The Environmental Protection Agency has notified North Carolina civil rights groups that it will investigate whether state regulators discriminated against communities of color when they approved four applications to convert hog waste into fuel. (No paywall)
Four environmental groups filed a constitutional challenge on Wednesday against recent amendments to North Carolina’s “right-to-farm” laws. The suit takes on two state laws, passed in 2017 and 2018, that limit residents’ ability to file nuisance suits against large-scale livestock farms and the …
The third-largest U.S. poultry processor lost at least 8 percent of its chickens in North Carolina due to flooding from Hurricane Florence, and expects lower meat production through December as a result. Sanderson Farms was the first meat processor to announce livestock losses: 1.7 million chickens.
Hurricane Florence will pour 15 to 25 inches of rain onto the Carolinas when it reaches land on Thursday, with up to 35 inches in some places, according to the National Hurricane Center. The North Carolina hog industry says it survived Hurricane Matthew with minimal losses in October 2016 and asserts it is prepared for Florence.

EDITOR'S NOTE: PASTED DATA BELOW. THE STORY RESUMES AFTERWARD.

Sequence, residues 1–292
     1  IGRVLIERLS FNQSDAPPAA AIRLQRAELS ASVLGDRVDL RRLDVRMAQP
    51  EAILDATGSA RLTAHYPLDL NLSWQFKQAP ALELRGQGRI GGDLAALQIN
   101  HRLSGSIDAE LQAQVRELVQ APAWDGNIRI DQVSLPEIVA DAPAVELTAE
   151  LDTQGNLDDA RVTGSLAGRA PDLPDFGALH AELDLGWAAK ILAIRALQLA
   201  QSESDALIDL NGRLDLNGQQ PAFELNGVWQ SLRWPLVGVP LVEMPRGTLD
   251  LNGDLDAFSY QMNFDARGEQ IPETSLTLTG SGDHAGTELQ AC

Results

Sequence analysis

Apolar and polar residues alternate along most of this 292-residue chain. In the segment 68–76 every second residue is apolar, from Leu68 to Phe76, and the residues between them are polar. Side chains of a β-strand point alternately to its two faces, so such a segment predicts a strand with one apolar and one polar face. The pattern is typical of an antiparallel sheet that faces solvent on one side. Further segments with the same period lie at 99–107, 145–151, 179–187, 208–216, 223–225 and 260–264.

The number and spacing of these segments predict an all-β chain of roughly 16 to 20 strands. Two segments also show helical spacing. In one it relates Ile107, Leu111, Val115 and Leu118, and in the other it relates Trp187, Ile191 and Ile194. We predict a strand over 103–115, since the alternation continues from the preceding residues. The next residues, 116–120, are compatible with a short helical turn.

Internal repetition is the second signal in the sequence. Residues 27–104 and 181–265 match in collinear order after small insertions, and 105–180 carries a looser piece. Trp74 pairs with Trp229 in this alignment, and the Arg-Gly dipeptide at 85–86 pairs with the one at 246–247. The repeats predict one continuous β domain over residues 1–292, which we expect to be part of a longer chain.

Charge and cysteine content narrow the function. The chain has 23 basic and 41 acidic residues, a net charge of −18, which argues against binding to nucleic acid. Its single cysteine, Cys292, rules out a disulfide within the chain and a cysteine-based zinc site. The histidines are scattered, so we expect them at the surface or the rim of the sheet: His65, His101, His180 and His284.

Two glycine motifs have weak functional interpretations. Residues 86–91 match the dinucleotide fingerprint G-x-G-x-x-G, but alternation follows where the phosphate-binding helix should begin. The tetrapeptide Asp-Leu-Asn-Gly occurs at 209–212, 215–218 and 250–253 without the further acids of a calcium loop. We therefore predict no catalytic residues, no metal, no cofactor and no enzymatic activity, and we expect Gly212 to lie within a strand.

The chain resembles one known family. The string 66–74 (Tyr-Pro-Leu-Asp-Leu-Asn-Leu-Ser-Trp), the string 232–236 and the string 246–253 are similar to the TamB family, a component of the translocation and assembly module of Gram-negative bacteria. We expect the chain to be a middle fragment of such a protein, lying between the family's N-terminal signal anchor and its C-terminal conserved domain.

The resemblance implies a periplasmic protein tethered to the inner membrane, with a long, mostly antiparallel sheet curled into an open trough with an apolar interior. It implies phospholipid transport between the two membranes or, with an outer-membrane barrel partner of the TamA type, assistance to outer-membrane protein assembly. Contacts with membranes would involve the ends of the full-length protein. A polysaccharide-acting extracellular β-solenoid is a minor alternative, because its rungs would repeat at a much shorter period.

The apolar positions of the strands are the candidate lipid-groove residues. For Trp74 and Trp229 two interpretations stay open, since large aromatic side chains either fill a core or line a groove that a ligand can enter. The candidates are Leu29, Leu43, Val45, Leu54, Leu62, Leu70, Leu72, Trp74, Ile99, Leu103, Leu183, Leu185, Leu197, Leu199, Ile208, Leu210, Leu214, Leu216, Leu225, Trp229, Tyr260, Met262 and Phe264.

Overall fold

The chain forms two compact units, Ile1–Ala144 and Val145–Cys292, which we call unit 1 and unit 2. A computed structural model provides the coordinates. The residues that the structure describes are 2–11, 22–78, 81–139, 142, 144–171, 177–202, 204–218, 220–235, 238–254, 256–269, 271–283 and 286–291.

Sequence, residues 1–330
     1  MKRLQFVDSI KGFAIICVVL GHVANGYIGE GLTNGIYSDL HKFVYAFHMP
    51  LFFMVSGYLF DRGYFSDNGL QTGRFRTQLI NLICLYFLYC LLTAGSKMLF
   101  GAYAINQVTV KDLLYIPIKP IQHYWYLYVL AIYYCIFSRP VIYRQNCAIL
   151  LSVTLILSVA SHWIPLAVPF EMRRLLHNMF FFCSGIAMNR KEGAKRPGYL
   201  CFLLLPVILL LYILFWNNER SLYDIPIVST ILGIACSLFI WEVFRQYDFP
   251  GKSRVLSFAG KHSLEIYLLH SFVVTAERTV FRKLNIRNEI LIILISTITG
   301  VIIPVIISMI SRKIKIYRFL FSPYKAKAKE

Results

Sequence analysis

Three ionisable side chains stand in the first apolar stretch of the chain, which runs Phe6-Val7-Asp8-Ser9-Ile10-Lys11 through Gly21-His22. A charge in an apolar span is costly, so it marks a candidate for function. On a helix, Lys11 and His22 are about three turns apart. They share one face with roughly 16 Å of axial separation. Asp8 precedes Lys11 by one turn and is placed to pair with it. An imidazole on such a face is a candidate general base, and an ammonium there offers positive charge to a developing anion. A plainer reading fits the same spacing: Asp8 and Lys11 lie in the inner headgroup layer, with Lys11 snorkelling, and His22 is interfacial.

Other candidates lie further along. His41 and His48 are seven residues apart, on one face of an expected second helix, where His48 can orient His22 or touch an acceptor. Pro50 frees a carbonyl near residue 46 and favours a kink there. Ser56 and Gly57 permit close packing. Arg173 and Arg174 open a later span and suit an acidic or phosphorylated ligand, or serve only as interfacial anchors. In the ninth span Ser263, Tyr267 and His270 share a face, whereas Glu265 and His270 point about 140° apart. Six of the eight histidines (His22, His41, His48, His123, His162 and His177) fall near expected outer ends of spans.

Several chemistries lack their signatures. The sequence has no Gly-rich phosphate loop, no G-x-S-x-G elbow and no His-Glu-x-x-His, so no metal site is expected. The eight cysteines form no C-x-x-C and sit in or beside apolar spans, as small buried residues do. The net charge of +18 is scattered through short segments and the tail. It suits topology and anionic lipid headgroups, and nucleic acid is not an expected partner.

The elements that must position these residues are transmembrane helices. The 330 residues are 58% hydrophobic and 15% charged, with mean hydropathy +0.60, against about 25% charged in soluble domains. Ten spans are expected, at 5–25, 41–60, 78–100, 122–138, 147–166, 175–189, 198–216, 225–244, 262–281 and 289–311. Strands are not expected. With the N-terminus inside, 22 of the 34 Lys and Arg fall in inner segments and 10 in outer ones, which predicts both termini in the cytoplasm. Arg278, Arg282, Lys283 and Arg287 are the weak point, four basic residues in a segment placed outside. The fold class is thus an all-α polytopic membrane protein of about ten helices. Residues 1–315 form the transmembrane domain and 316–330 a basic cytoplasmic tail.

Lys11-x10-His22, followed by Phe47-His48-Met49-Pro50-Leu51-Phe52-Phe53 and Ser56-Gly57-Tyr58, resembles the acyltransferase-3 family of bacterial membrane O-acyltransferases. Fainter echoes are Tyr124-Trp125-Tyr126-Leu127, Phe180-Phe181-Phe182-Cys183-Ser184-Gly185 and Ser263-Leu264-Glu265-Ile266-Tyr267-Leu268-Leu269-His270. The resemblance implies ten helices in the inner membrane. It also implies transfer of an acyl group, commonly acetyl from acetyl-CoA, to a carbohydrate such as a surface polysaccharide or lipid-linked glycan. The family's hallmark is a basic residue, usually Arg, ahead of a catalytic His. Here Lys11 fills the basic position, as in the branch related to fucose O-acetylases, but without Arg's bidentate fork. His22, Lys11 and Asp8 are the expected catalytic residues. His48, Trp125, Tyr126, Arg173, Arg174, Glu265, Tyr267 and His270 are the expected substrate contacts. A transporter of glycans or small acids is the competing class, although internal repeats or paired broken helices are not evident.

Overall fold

The world's leading hog producer, China has culled nearly 40,000 hogs in its attempts to stop African swine fever since the disease, deadly for hogs but no threat to humans, was spotted on its farms last month. The U.N. Food and Agriculture Organization said the disease will almost certainly emerge in other countries in Asia.
Several national and local advocacy groups are calling on North Carolina Gov. Roy Cooper to veto a bill that would greatly restrict the public's ability to sue large-scale animal farms over negative health and environmental effects. The state general assembly passed the bill on Friday.
Residents and advocates in Duplin County, North Carolina, settled a federal civil rights complaint last week with the state environmental board, requiring the state to better regulate and monitor the local hog industry. The settlement comes closely on the heels of a $50 million jury verdict in favor of North Carolina residents who live near large-scale confinement hog farms.